DeLuca matched DeLaubell pitch for pitch into the seventh inning. But as DeLuca, who pitched 1 1/3 innings of relief in Ridgefield’s 2-1 semifinal win over Amity on Wednesday, crossed the 100-pitch mark Saturday, he struggled to find the plate.
“I give a lot of credit to their pitcher; he kept us off balance,” Mrowka said. “We were fortunate to get one more run than them.”
“(DeLaubell) was right around the plate all game, which is what he’s done all year,” Ridgefield head coach Paul Fabbri said. “We just couldn’t get any clean swings.
“They win because they have him.”
Ian Battipaglia singled to start the Cheshire’s winning rally. Two walks then loaded the bases and ended DeLuca’s day. The 106th pitch was DeLuca’s last as he departed for Artzt.
DeLuca allowed five hits, struck out six and walked four.
DeLaubell greeted Artzt with a hard ground ball off the pitcher’s glove. The ball rolled to Ridgefield second baseman Quinn McDonald, whose only play was to first base, allowing Battipaglia to score.
“Everyone was just telling me to get on any way I could,” Battipaglia said. “And when Ben got up, I knew we’d get at least one run in. I had full confidence in him.”
“It’s like a dream, but better. You dream about these moments all your life and when you experience it, nothing beats it,” DeLaubell said.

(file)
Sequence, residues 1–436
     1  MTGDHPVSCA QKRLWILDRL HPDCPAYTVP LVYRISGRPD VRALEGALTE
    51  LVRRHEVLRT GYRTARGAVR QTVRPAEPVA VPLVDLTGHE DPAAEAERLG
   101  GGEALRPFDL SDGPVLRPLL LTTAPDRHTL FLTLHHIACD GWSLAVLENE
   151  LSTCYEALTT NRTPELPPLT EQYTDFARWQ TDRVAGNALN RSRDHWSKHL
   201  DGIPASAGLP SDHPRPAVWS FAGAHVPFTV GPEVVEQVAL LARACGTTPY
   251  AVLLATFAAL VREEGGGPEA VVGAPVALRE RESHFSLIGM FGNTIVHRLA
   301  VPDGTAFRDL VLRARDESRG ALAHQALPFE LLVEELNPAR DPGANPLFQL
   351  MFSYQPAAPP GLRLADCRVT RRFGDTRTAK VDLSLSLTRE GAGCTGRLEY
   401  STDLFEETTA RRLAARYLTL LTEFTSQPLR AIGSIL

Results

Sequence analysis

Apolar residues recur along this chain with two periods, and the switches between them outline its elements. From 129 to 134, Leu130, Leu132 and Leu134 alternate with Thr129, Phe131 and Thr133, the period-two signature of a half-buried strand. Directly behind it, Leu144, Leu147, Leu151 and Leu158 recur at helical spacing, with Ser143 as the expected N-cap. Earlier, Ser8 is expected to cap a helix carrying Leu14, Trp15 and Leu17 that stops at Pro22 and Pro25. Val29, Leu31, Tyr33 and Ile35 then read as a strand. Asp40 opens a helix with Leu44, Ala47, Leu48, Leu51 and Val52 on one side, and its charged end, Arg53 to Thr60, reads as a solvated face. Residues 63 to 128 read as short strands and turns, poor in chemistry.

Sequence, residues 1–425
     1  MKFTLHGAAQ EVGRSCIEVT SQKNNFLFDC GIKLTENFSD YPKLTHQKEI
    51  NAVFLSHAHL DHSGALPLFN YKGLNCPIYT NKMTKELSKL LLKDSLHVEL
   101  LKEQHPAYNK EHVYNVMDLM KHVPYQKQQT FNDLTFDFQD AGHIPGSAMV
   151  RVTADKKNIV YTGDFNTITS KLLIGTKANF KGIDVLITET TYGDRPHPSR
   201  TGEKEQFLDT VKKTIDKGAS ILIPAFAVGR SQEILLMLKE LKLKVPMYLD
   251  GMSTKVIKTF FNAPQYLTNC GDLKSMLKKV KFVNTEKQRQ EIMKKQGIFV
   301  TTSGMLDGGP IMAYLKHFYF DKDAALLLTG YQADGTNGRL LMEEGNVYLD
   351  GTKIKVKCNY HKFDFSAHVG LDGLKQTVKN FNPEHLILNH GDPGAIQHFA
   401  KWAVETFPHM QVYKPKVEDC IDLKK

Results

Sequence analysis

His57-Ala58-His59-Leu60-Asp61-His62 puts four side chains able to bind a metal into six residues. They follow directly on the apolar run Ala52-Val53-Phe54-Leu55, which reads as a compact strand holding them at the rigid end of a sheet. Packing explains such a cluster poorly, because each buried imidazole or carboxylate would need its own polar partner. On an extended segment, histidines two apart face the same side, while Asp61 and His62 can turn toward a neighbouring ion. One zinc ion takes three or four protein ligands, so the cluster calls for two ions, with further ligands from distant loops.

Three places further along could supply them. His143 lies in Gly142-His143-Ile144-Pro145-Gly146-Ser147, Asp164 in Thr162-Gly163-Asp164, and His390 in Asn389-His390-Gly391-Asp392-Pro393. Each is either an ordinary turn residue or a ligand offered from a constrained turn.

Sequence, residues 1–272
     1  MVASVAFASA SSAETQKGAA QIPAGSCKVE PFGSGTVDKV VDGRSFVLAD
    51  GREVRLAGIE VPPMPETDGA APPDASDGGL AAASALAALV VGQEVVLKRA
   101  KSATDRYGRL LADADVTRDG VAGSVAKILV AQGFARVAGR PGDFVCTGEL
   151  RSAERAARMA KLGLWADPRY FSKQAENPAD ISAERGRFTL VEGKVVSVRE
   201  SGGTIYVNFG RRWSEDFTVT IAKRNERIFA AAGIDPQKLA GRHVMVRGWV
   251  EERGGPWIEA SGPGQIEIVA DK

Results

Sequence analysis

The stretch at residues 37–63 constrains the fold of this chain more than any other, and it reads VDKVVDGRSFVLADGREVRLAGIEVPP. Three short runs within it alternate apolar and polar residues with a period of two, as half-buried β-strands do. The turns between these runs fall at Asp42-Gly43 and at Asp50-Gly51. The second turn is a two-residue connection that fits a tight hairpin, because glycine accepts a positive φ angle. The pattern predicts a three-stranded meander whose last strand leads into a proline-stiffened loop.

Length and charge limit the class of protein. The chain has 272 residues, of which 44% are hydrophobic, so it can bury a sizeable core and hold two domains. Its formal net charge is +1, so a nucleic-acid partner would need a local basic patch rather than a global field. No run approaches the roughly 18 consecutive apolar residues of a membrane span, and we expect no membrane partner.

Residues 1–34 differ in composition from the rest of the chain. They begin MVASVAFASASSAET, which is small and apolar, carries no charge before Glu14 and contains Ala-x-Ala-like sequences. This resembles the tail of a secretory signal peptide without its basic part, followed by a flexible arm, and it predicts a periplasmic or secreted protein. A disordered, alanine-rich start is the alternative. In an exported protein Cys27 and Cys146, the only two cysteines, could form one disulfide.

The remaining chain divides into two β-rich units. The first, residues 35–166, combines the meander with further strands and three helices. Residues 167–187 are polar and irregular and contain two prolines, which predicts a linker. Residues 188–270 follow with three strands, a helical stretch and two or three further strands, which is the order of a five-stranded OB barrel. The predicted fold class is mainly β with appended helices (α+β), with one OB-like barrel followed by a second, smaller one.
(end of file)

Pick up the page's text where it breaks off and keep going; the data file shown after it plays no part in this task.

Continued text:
“Hats off to (DeLuca); he was doing a really good job all game. When he went out, we just wanted to jump on the new guy. He just left a pitch up, I put it in play and it tipped off his glove. One run scored and that was all we needed.”
Ridgefield (20-6) sent its 3-4-5 hitters to the plate in the bottom of the seventh inning. But as he did all game, DeLaubell let his defense do its job behind him. DeLaubell allowed a single in the seventh, but Battipaglia snagged a flair behind third base to end the game.
“We knew we had good defense. It was just a matter of trying to push a run across. We felt pretty good that if we did that, we’d win the game,” Mrowka said.
In all, DeLaubell induced 10 groundball outs. He retired the side in order in the second, third and fourth innings, needing only six pitches in both the third and fourth.
“They were putting the ball in play. They were being competitors, but we fought harder,” said DeLaubell, who threw just 80 pitches. “I can’t say enough about my defense. They didn’t make one error all game.”